Women on Twitter Can Fill Out A Form Against Online Harassment, Thanks To The Site's Collaboration With WAM!
Thanks to a new collaboration between Twitter and the nonprofit organization WAM! (Woman, Action and The Media), women on Twitter can now fill out a form against online harassment. In a climate where 26 percent of young women have experienced online sexual harassment, 25 percent have been stalked online, and 50 percent have been called offensive names (according to an October 2014 PEW study), this online form comes as a welcome addition to the social media sphere.
It's aim is to protect and support Twitter users from gendered harassment, as well as other forms of online abuse (racial, LGBTQ, etc.). After a complaint is filed and verified, WAM! intends to notify Twitter within 24 hours, and then track Twitter's response (WAM! cannot make any decisions as to how to resolve the problem, but says they will "do their best" to advocate for users). The process will begin with a pilot test to help WAM! better understand the nature of online harassment and how to respond appropriately. As it stands, the form's questions seek to discover valuable information about the severity of harassment and the forms of harassment that appear most often.
Here is a photo of the current "WAM Twitter Harassment Reporting Tool" (the rest of the questions can be found here):
Although they seek to learn more about the social media climate, WAM! is highly informed as to the need for this type of online form. According to Jaclyn Friedman, Executive Director of WAM!:
The disproportionate targeting of women online results in them removing their voices from the public conversation. We’re so glad that Twitter recognizes that the best way to ensure equally free speech for all users on their platform is to ensure that all users are equally free to speak without being targeted by harassment, abuse and threats.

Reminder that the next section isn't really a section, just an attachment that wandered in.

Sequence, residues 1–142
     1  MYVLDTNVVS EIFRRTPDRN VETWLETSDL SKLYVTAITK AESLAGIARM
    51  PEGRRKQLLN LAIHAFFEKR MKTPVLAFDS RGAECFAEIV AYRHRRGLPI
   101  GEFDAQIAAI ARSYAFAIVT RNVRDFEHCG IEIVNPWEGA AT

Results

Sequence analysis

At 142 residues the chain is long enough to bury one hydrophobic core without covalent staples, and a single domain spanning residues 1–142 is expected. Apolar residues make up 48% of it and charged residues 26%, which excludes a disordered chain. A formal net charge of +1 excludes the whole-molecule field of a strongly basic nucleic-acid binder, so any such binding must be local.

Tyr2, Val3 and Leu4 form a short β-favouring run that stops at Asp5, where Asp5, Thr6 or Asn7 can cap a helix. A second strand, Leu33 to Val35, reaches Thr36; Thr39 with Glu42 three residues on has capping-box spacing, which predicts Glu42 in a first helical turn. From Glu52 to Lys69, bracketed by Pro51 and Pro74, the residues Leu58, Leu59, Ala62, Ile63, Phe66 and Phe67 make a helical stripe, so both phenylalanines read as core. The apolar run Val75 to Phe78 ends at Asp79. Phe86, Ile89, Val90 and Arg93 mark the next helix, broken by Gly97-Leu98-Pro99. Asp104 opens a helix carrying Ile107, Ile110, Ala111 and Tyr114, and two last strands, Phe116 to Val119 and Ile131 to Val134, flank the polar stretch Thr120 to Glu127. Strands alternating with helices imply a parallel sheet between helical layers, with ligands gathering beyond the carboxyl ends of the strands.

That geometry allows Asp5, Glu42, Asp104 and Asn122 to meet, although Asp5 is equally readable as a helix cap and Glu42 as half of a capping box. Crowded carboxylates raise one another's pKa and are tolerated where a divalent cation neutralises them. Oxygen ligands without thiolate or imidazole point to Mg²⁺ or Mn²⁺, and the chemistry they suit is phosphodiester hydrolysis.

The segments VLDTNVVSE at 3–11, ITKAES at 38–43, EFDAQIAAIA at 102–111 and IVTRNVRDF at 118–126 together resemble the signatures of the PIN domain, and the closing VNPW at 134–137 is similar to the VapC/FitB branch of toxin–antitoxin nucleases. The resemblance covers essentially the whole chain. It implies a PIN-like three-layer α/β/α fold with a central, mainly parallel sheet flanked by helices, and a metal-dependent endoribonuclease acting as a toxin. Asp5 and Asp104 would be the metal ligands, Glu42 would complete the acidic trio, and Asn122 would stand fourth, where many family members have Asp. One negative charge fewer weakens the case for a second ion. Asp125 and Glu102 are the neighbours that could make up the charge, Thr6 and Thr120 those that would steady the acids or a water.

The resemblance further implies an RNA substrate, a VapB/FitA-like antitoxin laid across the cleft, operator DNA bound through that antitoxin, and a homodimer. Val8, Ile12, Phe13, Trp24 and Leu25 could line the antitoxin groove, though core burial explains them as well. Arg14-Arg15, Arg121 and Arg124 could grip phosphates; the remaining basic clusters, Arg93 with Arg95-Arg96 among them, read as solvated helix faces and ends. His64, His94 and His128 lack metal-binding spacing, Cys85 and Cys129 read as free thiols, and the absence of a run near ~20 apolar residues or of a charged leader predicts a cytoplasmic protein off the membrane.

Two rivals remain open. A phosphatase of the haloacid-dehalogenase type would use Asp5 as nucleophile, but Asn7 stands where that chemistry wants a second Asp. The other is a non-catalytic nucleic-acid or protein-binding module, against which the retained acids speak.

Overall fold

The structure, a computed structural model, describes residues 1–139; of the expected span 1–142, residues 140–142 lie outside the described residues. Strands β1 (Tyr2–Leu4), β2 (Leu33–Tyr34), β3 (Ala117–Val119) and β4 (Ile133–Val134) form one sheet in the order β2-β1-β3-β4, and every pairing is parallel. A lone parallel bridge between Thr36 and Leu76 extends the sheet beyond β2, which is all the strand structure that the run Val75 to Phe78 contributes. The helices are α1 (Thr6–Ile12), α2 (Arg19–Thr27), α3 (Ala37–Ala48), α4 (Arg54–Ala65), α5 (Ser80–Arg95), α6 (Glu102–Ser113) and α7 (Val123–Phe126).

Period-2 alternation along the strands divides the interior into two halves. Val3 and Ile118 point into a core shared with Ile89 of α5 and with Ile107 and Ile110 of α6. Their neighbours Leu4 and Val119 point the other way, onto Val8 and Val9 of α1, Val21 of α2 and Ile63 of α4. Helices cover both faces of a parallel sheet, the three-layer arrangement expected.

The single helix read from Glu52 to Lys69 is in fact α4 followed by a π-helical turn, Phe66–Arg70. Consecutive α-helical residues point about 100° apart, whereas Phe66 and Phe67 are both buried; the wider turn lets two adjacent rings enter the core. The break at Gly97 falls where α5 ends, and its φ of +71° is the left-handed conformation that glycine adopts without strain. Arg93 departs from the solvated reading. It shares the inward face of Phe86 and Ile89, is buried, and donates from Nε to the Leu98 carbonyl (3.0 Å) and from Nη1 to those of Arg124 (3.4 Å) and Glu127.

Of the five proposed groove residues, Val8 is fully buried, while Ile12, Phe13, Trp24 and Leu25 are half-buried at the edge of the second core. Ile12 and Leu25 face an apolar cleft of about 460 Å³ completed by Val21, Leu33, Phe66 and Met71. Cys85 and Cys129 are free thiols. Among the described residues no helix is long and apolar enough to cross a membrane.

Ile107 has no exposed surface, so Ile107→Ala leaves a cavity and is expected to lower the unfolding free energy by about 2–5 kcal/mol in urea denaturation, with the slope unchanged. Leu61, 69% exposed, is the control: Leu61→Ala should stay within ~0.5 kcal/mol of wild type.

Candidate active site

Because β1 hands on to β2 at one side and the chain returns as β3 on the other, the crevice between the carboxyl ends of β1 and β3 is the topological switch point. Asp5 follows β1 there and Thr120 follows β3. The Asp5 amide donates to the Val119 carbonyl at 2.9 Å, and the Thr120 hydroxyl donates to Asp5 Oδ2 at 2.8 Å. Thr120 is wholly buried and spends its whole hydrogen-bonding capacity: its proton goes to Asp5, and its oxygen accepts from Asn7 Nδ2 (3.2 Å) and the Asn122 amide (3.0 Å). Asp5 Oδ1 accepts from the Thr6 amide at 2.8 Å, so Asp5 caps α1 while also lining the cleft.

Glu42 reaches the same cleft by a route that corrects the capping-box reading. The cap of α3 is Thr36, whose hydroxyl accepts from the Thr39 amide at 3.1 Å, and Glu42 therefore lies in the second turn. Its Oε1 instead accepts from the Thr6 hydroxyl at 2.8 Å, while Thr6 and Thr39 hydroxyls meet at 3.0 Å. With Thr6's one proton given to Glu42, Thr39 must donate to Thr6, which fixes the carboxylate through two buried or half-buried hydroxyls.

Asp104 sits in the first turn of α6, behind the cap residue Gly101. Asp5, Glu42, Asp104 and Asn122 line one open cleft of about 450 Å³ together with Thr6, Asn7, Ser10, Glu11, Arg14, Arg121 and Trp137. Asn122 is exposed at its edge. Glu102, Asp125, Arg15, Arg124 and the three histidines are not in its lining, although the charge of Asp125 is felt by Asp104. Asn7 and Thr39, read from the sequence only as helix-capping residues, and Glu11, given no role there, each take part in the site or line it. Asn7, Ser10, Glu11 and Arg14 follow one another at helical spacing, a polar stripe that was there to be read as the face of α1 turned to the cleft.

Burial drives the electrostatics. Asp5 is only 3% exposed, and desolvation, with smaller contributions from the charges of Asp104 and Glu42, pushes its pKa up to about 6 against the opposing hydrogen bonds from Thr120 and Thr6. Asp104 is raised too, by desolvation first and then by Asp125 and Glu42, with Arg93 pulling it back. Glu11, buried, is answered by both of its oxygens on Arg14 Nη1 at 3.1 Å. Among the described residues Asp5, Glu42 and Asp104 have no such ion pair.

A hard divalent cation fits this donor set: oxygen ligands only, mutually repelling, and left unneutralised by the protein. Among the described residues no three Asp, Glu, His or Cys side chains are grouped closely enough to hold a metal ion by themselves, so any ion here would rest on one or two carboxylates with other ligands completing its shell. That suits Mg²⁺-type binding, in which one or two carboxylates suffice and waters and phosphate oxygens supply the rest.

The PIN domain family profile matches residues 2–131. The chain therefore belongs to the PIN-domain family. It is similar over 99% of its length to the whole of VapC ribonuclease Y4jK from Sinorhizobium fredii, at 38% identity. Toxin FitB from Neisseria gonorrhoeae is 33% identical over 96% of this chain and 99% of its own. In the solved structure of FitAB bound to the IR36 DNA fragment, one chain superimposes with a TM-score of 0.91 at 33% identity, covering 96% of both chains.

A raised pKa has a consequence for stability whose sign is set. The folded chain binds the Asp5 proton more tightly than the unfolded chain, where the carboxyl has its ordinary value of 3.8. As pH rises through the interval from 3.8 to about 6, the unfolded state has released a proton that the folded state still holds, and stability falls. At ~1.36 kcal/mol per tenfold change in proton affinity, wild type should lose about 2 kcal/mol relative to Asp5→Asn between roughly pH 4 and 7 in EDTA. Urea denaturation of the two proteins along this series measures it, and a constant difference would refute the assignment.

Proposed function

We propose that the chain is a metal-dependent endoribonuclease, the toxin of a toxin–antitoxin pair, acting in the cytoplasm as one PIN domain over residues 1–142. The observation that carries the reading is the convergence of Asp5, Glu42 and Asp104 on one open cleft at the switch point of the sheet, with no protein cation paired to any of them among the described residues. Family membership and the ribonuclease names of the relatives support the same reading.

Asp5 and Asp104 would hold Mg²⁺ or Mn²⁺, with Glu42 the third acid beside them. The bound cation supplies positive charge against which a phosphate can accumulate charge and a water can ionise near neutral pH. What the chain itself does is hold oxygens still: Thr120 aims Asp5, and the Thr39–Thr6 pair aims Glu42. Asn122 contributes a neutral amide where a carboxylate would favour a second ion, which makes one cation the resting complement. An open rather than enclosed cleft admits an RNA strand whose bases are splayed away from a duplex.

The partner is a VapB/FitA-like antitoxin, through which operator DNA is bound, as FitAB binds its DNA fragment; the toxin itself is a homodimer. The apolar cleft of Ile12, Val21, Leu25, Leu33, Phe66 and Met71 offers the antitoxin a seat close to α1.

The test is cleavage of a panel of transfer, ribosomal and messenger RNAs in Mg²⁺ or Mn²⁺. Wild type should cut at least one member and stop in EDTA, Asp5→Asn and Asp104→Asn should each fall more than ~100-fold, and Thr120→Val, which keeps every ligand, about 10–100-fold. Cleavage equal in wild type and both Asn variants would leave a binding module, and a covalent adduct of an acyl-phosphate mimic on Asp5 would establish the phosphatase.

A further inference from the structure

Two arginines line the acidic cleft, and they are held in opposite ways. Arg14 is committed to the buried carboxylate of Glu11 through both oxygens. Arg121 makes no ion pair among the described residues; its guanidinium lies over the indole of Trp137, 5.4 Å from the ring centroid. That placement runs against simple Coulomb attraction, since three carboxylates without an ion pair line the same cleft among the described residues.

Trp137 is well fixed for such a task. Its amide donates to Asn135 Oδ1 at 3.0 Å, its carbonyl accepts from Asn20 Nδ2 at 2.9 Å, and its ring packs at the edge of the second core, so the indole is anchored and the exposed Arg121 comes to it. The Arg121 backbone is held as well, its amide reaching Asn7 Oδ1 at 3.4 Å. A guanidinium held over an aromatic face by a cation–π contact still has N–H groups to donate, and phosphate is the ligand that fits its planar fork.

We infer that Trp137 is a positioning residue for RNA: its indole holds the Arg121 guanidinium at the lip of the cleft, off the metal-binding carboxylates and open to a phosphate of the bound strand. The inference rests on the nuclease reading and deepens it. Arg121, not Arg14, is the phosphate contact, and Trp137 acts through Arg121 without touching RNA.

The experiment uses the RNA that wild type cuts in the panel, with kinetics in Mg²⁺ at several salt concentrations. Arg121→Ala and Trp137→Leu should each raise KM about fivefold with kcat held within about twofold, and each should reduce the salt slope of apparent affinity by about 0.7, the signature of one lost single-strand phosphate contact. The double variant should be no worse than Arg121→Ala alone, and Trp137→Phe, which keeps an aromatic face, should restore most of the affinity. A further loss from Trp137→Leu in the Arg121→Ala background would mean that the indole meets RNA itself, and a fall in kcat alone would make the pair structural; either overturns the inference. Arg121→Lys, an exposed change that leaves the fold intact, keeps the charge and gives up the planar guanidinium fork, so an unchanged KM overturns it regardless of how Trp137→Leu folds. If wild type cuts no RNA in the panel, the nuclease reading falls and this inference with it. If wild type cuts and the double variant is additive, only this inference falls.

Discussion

Perhaps the most recent public example of this silencing of female voices is the news of model Chrissy Teigen leaving Twitter after receiving death threats as a response to some of her online sentiments. Teigan's criticism of gun control in America was met with a slew of horrific comments, to which she responded that Twitter "needs to step their game up":
Well, now they have, but only time will tell if Twitter's online harassment form is successful in squashing the haters. The sad fact remains, however, that people continue to feel licensed to treat strangers (and acquaintances) with cruelty and hatred behind the safety of a phone or computer. Although Twitter's new tool can certainly lend a bit of justice to the experience of online harassment, it won't keep the haters from coming in the first place. In addition to allowing women to report harassment, therefore, we must also look towards tackling the larger issue of violence, racism, and bigotry on social media.